Buddhism Zen And Supernatural Power
Yoga claims that various supernatural powers can be acquired
Universal Life Is Universal Spirit
These considerations naturally lead us to see that Universal ...
The Law Of Balance
Nature governs the world with her law of balance. She puts t...
Personalism Of B P Bowne
B. P. Bowne says: They (phenomena) are not phantoms or
The Breathing Exercise Of The Yogi
Breathing exercise is one of the practices of Yoga, and somew...
The Creative Force Of Nature And Humanity
The innate tendency of self-preservation, which manifests its...
Difficulties Are No Match For The Optimist
How can we suppose that we, the children of Buddha, are put a...
Nature Favours Nothing In Particular
There is another point of view of life, which gave the presen...
Zen Is Iconoclastic
For the followers of Bodhidharma, however, this conception of...
Zen And Idealism
Next Zen makes use of Idealism as explained by the Dharmalaks...
Shakya Muni And The Prodigal Son
A great trouble with us is that we do not believe in half the...
Wang Yang Ming O-yo-mei And A Thief
One evening when Wang was giving a lecture to a number of stu...
An Illusion Concerning Appearance And Reality
To get Enlightened we must next dispel an illusion respecting...
Man Is Both Good-natured And Bad-natured According To Yan Hiung Yo-yu
According to Yang Hiung and his followers, good is no less re...
If there be no individual soul either in mind or body, where ...
Change As Seen By Zen
Zen, like Hinayanism, does not deny the doctrine of Transienc...
Nature And Her Lesson
Nature offers us nectar and ambrosia every day, and everywher...
Pessimistic View Of The Ancient Hindus
In addition to this, the new theory of matter has entirely ov...
Bodhidharma And The Emperor Wu
No sooner had Bodhidharma landed at Kwang Cheu in Southern Ch...
Thing-in-itself Means Thing-knowerless
How, then, did philosophers come to consider reality to be un...
Buddha The Universal Life
Zen conceives Buddha as a Being, who moves, stirs, inspires,
enlivens, and vitalizes everything. Accordingly, we may call Him the
Universal Life in the sense that He is the source of all lives in the
universe. This Universal Life, according to Zen, pillars the heaven,
supports the earth, glorifies the sun and moon, gives voice to
thunder, tinges clouds, adorns the pasture with flowers, enriches the
field with harvest, gives animals beauty and strength. Therefore,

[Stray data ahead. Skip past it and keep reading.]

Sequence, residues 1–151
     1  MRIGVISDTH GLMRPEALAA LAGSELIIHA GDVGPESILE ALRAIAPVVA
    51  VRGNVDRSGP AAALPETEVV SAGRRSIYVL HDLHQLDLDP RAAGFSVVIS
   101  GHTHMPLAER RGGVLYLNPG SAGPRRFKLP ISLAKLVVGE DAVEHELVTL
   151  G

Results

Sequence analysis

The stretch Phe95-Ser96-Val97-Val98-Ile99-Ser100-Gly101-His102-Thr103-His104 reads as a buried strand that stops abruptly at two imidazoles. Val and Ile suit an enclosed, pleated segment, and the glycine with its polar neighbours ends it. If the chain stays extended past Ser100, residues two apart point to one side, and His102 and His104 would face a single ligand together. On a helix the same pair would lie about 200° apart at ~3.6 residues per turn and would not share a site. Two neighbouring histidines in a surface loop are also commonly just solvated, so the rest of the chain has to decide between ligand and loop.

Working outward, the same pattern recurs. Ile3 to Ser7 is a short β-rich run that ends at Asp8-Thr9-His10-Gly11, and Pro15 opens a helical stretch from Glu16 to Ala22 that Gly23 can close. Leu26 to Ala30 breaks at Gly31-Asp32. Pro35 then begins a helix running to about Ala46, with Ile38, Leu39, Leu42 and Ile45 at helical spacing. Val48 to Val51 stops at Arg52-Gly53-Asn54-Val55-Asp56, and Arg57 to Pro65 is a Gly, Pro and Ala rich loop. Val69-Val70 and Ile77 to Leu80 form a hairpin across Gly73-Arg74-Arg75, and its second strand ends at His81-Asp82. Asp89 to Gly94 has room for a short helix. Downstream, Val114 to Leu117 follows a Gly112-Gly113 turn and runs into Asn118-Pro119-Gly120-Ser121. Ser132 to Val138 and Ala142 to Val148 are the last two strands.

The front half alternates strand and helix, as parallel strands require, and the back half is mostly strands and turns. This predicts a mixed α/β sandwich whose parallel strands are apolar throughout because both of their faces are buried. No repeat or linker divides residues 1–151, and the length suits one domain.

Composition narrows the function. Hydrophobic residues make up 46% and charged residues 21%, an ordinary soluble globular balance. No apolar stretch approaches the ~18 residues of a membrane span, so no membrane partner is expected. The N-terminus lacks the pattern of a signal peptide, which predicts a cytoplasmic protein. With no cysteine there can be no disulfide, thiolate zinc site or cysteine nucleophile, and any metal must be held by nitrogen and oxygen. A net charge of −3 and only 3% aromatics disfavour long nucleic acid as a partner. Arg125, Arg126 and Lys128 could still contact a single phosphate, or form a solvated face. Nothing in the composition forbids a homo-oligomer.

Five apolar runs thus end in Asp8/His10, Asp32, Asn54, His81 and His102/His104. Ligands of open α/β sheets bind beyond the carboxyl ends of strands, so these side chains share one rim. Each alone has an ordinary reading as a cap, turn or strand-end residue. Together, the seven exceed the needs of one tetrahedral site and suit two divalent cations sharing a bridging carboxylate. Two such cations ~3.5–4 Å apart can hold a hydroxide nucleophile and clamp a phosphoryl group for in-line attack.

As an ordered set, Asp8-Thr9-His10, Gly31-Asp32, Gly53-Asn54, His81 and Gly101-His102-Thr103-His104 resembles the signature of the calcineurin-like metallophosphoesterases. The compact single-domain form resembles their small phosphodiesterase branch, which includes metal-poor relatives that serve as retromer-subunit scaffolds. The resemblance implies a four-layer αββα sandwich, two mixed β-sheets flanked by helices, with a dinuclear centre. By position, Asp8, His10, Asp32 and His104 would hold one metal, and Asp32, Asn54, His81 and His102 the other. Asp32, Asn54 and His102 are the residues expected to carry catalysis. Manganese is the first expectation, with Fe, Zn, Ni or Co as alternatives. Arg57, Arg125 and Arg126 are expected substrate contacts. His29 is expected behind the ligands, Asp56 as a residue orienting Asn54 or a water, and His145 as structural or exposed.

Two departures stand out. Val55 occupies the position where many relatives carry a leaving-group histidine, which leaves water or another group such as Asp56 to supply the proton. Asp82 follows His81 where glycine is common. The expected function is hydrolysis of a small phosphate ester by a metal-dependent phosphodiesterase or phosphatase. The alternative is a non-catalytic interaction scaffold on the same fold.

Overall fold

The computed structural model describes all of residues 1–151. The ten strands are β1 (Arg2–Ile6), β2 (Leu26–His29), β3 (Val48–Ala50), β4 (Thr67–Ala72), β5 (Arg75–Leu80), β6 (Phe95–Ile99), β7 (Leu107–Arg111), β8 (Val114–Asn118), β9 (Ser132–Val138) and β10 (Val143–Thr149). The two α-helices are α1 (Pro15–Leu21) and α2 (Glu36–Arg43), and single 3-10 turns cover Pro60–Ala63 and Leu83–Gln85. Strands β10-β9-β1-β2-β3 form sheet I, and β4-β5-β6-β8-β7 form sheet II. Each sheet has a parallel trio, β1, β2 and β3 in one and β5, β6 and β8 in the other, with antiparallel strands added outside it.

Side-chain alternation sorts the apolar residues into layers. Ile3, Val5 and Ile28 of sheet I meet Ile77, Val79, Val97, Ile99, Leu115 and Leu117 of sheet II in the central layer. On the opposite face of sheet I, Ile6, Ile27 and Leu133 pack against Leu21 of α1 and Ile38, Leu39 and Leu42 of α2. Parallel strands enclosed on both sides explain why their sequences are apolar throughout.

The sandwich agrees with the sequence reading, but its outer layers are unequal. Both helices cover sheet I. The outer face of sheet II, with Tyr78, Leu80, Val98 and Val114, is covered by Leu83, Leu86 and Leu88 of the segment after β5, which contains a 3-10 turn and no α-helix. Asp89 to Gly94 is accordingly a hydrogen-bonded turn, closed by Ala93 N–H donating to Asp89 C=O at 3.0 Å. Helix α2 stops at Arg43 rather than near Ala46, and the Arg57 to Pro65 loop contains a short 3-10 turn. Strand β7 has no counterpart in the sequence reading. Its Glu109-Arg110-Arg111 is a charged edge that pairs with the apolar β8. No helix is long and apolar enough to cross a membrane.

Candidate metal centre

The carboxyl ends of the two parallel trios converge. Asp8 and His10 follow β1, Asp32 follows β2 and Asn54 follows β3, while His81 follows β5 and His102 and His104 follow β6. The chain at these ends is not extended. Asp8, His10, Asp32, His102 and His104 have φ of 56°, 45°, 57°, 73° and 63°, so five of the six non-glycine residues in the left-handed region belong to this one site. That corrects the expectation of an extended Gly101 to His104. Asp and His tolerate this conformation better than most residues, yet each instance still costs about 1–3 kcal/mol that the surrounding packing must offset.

Zen declares even a dead clod of earth to be imbued with the divine
life, just as Lowell expresses a similar idea when he says:
"Every clod feels a stir of might,
An instinct within it that reaches and towers,
And groping blindly above it for light,
Climbs to a soul in grass and flowers."
One of our contemporary Zenists wittily observed that 'vegetables are
the children of earth, that animals which feed on vegetables are the
grand-children of earth, and that men who subsist on animals are the
great-grand-children of earth.' If there be no life in earth, how
could life come out of it? If there be no life, the same as the
animal's life in the vegetables, how could animals sustain their
lives feeding on vegetables? If there be no life similar to ours in
animals, how could we sustain our life by subsisting on them? The
poet must be in the right, not only in his esthetic, but in his
scientific point of view, in saying-
Confess that I am only dust.
But once a rose within me grew;
Its rootlets shot, its flowerets flew;
And all rose's sweetness rolled
Throughout the texture of my mould;
And so it is that I impart
Perfume to them, whoever thou art."
As we men live and act, so do our arteries; so does blood; so do
corpuscles. As cells and protoplasm live and act, so do elements,
molecules, and atoms. As elements and atoms live and act, so do
clouds; so does the earth; so does the ocean, the Milky Way, and the
Solar System. What is this life which pervades the grandest as well
as the minutest works of Nature, and which may fitly be said 'greater
than the greatest and smaller than the smallest?' It cannot be
defined. It cannot be subjected to exact analysis. But it is
directly experienced and recognized within us, just as the beauty of
the rose is to be perceived and enjoyed, but not reduced to exact
analysis. At any rate, it is something stirring, moving, acting and
reacting continually. This something which can be experienced and
felt and enjoyed directly by every one of us. This life of living
principle in the microcosmos is identical with that of the
macrocosmos, and the Universal Life of the macrocosmos is the common
source of all lives. Therefore, the Mahaparinirvana-sutra says:
"Tathagata (another name for Buddha) gives life to all beings, just
as the lake Anavatapta gives rise to the four great rivers."
"Tathagata," says the same sutra, "divides his own body into
innumerable bodies, and also restores an infinite number of bodies to
one body. Now be becomes cities, villages, houses, mountains,
rivers, and trees; now he has a large body; now he has a small body;
now he becomes men, women, boys, and girls."
Next: Life And Change
Previous: Buddha Is Unnamable